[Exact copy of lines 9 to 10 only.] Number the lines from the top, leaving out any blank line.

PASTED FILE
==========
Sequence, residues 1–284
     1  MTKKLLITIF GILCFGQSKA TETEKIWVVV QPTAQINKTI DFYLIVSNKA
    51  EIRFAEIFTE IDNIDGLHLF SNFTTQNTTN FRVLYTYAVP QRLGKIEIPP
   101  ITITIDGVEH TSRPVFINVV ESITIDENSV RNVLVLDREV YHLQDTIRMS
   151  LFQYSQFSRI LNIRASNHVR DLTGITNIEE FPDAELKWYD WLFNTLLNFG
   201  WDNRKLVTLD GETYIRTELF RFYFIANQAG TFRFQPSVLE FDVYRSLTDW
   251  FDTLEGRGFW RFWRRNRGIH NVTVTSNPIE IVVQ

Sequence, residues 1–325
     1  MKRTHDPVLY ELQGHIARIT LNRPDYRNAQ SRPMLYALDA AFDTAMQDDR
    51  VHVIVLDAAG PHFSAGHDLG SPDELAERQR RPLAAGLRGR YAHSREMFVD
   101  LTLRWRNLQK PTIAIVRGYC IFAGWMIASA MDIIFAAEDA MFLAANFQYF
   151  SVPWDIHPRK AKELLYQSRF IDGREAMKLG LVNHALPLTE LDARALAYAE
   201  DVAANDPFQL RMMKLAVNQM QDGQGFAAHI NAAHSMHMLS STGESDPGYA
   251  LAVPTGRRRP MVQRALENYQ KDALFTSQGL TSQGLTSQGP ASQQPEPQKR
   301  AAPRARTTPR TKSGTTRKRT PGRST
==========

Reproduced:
     1  MKRTHDPVLY ELQGHIARIT LNRPDYRNAQ SRPMLYALDA AFDTAMQDDR
    51  VHVIVLDAAG PHFSAGHDLG SPDELAERQR RPLAAGLRGR YAHSREMFVD